DOJ Announces Initiative to Combat AI-Assisted Crime

15 February 2024
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Key Takeaways:

On February 14, 2024, Deputy Attorney General Lisa O. Monaco announced an initiative within the U.S. Department of Justice to ramp up the detection and prosecution of crimes perpetrated through artificial intelligence (AI) technology, including seeking harsher sentences for certain AI-assisted crimes. Monaco also announced a new effort to evaluate how the Department can best use AI internally to advance its mission while guarding against AI risks.

Fighting AI-Assisted Crime. Last October, President Biden issued an Executive Order on the Safe, Secure, and Trustworthy Development and Use of AI, which Monaco said “charges the Justice Department to anticipate the impact of AI on our criminal justice system, on competition, and on our national security.” Monaco expressed that, while AI holds great promise, it “is also accelerating risks to our collective security,” and she highlighted two areas where DOJ will focus its AI enforcement efforts:

  • Election Security. Monaco noted that, with more than four billion people around the world able to vote in elections this year, AI gives foreign adversaries a multitude of ways to harm voters. Bad actors can seek to use AI to “radicalize users on social media with incendiary content created with generative AI,” to “misinform voters by impersonating trusted sources and spreading deepfakes,” and can use “chatbots, fake images and even cloned voices” to spread falsehoods about elections and seek to deny people their right to vote.
  • National Security. In February 2023, DOJ and the Commerce Department announced the “Disruptive Technology Strike Force”—an effort to enforce export control laws “to strike back against adversaries trying to siphon off America’s most advanced technology and use it against us.” Monaco said that, going forward, this Strike Force “will place AI at the very top of its enforcement priority list.” She declared AI “the ultimate disruptive technology” and stressed that DOJ will work to “neutralize [America’s] adversaries” so that they cannot use AI to threaten U.S. national security.

To investigate and prosecute AI-assisted crime—whether in the areas of election security, national security, or otherwise—Monaco said that DOJ will rely on “existing and enduring legal tools to their fullest extent” and will seek “to build on them where new ones may be needed.” As examples, she noted that “discrimination using AI is still discrimination,” “price fixing using AI is still price fixing,” and “identity theft using AI is still identity theft.”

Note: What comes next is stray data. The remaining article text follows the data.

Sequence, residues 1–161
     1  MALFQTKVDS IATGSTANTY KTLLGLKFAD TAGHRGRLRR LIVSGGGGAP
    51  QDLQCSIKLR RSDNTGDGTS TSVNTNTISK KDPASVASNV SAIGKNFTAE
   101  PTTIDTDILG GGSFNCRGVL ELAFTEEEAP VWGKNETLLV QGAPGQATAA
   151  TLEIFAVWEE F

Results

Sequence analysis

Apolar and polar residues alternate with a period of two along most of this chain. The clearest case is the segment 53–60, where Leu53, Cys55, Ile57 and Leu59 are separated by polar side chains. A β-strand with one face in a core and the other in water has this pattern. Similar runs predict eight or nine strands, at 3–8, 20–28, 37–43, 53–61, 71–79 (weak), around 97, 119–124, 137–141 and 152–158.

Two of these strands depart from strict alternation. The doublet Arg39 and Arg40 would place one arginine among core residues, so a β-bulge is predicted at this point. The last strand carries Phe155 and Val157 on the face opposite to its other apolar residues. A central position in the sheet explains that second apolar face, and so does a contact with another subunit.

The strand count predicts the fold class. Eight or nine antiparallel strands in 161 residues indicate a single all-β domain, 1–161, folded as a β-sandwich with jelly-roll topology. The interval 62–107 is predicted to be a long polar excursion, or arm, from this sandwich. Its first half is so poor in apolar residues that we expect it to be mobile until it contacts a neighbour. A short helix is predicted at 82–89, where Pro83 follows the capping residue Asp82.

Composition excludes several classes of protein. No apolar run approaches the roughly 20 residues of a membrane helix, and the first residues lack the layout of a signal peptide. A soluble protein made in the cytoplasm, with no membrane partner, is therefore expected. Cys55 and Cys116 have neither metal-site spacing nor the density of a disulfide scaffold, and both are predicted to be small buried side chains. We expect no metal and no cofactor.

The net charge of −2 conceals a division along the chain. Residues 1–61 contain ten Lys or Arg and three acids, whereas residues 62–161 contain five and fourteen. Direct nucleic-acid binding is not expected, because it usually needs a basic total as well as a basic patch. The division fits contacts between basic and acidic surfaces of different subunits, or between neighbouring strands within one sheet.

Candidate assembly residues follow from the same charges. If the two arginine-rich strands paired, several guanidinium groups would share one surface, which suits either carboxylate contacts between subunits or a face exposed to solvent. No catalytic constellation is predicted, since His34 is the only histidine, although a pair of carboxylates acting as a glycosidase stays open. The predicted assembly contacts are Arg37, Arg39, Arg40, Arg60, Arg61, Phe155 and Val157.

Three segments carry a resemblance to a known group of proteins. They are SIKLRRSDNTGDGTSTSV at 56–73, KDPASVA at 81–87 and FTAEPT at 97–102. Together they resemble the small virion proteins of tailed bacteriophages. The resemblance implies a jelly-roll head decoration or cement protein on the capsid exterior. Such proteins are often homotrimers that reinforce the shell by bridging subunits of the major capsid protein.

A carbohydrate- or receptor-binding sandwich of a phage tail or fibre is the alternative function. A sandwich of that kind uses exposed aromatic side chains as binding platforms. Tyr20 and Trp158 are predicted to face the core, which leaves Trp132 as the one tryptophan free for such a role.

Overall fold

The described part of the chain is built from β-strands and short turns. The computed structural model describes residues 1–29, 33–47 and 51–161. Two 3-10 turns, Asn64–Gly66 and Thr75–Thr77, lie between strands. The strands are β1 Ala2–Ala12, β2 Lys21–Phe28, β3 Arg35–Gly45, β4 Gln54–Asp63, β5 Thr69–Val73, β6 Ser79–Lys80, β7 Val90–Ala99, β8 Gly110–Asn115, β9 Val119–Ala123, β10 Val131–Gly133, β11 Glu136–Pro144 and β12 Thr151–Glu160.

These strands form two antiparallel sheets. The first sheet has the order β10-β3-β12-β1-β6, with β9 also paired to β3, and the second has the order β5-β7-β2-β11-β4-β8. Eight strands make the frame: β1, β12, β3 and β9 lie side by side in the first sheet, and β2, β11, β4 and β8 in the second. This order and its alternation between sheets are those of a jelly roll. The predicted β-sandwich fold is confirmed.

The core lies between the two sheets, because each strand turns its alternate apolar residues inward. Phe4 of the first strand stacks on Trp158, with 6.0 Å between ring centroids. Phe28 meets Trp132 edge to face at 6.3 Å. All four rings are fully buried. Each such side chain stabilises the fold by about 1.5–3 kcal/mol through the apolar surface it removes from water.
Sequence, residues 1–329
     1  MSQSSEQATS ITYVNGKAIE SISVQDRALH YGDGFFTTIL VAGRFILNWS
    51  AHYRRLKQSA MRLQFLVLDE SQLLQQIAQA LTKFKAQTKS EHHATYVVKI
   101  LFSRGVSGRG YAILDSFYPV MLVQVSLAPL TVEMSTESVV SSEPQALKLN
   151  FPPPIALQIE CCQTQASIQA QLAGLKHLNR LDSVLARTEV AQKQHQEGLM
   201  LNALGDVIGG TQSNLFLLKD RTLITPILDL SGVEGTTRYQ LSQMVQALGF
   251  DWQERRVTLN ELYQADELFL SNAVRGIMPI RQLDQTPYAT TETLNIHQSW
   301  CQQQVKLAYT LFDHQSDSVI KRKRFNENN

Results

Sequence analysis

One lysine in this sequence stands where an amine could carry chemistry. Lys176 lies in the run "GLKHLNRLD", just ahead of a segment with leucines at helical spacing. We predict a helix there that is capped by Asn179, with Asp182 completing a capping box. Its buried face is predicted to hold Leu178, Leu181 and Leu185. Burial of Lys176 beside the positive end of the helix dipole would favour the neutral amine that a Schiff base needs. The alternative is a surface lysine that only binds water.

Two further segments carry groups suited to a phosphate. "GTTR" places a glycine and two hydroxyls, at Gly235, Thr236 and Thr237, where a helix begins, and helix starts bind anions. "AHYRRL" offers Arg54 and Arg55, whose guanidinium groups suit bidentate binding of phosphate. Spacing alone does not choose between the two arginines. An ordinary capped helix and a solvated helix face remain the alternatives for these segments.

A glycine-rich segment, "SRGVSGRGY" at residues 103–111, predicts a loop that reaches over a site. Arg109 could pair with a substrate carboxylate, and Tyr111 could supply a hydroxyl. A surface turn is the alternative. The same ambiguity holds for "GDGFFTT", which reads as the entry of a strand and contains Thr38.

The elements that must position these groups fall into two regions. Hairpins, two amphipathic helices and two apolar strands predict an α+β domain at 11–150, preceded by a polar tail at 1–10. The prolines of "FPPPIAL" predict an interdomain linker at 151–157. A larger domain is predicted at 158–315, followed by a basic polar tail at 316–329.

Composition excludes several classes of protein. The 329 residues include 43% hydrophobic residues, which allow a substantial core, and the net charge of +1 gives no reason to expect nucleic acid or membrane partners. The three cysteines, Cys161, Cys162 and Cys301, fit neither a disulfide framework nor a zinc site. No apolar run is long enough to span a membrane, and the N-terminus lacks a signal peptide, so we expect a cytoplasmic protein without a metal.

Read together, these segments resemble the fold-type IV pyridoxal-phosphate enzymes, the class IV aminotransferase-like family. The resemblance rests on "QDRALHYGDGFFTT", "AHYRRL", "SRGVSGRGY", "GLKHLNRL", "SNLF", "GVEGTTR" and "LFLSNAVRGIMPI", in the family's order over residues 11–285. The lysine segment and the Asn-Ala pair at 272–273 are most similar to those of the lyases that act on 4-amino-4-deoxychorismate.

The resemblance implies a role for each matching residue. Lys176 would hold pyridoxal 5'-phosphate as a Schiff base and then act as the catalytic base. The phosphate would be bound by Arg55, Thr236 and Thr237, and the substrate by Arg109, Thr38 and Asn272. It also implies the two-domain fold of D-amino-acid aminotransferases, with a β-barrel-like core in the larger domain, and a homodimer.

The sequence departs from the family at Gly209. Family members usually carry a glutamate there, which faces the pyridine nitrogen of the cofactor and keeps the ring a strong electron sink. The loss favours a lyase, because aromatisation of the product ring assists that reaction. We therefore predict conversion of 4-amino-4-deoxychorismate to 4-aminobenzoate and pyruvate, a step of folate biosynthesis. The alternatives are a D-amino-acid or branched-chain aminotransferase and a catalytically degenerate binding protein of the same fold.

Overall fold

Critically, Monaco noted that because AI—like a firearm—can “enhance the danger of a crime,” DOJ will now seek harsher sentences for criminal offenses “made significantly more dangerous by the misuse of AI.”

We will be monitoring closely to see if the Department issues further guidance regarding the circumstances in which prosecutors will seek such an AI-based sentencing increase. It also remains to be seen whether DOJ will incorporate such enhancements into its Corporate Enforcement Policy, such as by seeking harsher penalties for companies that engage in criminal wrongdoing through the misuse of AI technology.

Justice AI. In the same speech, Monaco announced “Justice AI”—an effort to study how best to use AI within the Department and to deploy AI technology to advance DOJ’s mission, while guarding against risks. DOJ recently appointed its first “Cyber AI Officer,” who will help to bring together DOJ’s law enforcement and civil rights teams, working with a newly formed “Emerging Technology Board” to advise the Attorney General on the responsible and ethical uses of AI by DOJ.

Monaco said that the Justice AI initiative will also convene individuals from across civil society, academia, science, and industry so that the Department can “draw on varied perspectives” in evaluating how to use AI.

Monaco noted that DOJ, like other federal agencies, is working to create guidance to govern its use of AI. Thus, for example, before DOJ uses a new AI system to “assist in identifying a criminal suspect” or to “support a sentencing decision,” the Department “must first rigorously stress test that AI application and assess its fairness, accuracy, and safety.” Monaco also pointed out that DOJ already has deployed AI for certain functions, such as tracing the sources of opioids, triaging tips submitted to the FBI, and synthesizing huge volumes of evidence in certain cases.

This publication is for general information purposes only. It is not intended to provide, nor is it to be used as, a substitute for legal advice. In some jurisdictions it may be considered attorney advertising.